- Nigeria May Lose Fuel Market to Ghana
Nigeria risks losing its fuel market in West Africa to Ghana, if it does not revive its four refineries and build new ones, Department of Petroleum Resources (DPR) Director Mordecai Danteni Ladan has said.
At the Worldstage Economic Summit in Lagos, he said it was high time Nigeria refurbished its refineries and built more to reduce imports.
Ladan represented by DPR’s Manager for Planning Kanmi Ayodeji, said Nigeria might lose a segment of the oil market following Ghana’s decision to build refineries and export petroleum products to Niger, Burkina Faso and Mali, among others in the subregion.
He lamented that Nigeria was losing in West Africa, and also not making money from crude oil sales in South and North America.
Delivering a paper entitled: ‘’Achieving oil and gas reforms to boost indigenous participation, energy security,’’ Ladan said the country would make $500 on a barrel of crude if it stopped crude export and focused on refining and selling crude oil derivatives, such as diesel, kerosene, petrol, rubber and other petrochemical products.
This, he said, would help Nigeria to refine enough fuel for local consumption and for export to other countries in the sub-region.
Ladan said: “Ghana will soon control the fuel market in West Africa if it continues exportation of fuel to countries in the sub-region. Ghana is deepening activities in the downstream sub-sector of its petroleum industry, and by extension West Africa, by refining and exporting fuel to neighbouring countries.
“This means that the more fuel that is produced by Ghana, the more it exports the product and the more it dominates that segment of the oil industry in West Africa.”
He described the development as a wake-up call for Nigeria to develop its refineries and build more.
He noted that the Eleme Petrochemical Company in Port Harcourt, the Rivers State capital, returned to productivity months after it was sold to private investors.
Refineries, he said, hold prospects for Nigeria because of its huge population, stressing that the Federal Government would realise more money from petroleum by-products.
The DPR boss said the plastic, pharmaceutical, tyre, transportation industries and others would receive a boost when refineries work optimally.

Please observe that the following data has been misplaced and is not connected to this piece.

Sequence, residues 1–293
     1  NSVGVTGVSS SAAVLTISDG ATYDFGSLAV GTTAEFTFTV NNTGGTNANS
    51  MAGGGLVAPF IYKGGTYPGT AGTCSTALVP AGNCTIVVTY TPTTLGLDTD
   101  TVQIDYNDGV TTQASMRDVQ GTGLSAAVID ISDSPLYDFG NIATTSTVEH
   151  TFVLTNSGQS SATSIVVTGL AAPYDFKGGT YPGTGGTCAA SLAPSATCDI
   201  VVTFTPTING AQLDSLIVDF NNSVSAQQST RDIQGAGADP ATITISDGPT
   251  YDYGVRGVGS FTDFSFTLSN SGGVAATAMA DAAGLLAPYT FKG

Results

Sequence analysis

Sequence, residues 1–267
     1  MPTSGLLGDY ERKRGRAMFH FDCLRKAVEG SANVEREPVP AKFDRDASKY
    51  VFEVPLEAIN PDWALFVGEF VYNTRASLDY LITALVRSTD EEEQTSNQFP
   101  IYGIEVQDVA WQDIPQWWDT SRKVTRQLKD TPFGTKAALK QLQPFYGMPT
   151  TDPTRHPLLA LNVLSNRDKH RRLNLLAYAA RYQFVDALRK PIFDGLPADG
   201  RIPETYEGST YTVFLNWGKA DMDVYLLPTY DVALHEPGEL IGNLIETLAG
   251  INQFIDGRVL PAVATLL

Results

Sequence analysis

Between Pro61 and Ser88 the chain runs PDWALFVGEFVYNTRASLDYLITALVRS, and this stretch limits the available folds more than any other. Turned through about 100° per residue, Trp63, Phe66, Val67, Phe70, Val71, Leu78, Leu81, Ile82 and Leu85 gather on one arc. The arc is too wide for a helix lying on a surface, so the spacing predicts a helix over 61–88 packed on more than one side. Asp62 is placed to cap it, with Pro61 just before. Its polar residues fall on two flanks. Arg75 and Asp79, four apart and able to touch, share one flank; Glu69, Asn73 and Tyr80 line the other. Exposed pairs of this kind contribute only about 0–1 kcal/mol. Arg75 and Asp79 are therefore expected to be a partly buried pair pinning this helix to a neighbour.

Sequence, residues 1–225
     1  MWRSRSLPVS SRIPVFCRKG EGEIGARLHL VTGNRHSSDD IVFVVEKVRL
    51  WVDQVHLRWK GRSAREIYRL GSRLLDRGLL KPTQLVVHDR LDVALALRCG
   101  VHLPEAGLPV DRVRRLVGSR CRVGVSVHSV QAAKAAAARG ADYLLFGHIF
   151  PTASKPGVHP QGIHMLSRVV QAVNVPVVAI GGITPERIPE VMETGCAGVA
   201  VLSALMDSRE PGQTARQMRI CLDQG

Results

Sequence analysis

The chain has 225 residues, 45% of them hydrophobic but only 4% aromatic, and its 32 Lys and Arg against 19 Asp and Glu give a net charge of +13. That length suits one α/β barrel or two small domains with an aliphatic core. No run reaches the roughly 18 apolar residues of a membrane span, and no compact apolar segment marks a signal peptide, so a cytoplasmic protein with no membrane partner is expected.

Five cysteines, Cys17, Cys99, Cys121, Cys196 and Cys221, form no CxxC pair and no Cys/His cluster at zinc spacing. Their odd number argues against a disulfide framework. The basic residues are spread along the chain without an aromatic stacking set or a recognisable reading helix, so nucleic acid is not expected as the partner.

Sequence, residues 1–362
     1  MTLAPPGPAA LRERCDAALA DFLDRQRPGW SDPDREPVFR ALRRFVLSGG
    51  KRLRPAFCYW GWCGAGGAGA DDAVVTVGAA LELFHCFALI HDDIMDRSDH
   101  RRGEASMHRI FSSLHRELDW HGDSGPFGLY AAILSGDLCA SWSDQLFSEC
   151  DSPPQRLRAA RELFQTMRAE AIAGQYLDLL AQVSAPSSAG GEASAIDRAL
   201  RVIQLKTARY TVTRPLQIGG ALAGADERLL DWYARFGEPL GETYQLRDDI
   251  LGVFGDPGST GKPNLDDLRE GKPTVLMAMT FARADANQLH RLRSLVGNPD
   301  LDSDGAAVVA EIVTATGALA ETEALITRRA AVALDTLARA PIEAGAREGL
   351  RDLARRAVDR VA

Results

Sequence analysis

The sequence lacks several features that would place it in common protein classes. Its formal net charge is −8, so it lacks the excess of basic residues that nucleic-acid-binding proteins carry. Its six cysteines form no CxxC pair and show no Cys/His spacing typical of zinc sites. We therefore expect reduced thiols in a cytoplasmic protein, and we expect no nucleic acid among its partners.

Ghana last month began fuel export from its Bolgatanga Petroleum Depot in Accra to Niger and Mali.
Its Petroleum Minister, Emmanuel Armah-Kofi Buah, said at a forum in Lagos, that Ghana has another depot in Tema, which supplies products to Benin, Cameroun, Ivory Coast and others, adding that the country planned to export to Liberia.
He said, barring any hitches, Ghana would dominate the fuel segment in the sub-region.
Oil Posts 2% Gain for the Week Despite India Virus Surge
Oil prices steadied on Friday and were set for a weekly gain against the backdrop of optimism over a global economic recovery, though the COVID-19 crisis in India capped prices.
Brent crude futures settled 0.28% higher at $68.28 per barrel and U.S. West Texas Intermediate (WTI) crude advanced 0.29% to $64.90 per barrel.
Both Brent and WTI are on track for second consecutive weekly gains as easing restrictions on movement in the United States and Europe, recovering factory operations and coronavirus vaccinations pave the way for a revival in fuel demand.
In China, data showed export growth accelerated unexpectedly in April while a private survey pointed to strong expansion in service sector activity.
However, crude imports by the world’s biggest buyer fell 0.2% in April from a year earlier to 40.36 million tonnes, or 9.82 million barrels per day (bpd), the lowest since December.
In the United States, the world’s largest oil consumer, jobless claims have dropped, signalling the labour market recovery has entered a new phase as the economy recovers.
The recovery in oil demand, however, has been uneven as surging COVID-19 cases in India reduce fuel consumption in the world’s third-largest oil importer and consumer.
“Brent came within a whisker of breaking past $70 a barrel this week but failed at the final hurdle as demand uncertainty dragged on prices,” said Stephen Brennock at oil brokerage PVM.
The resurgence of COVID-19 in countries such as India, Japan and Thailand is hindering gasoline demand recovery, energy consultancy FGE said in a client note, though some of the lost demand has been offset by countries such as China, where recent Labour Day holiday travel surpassed 2019 levels.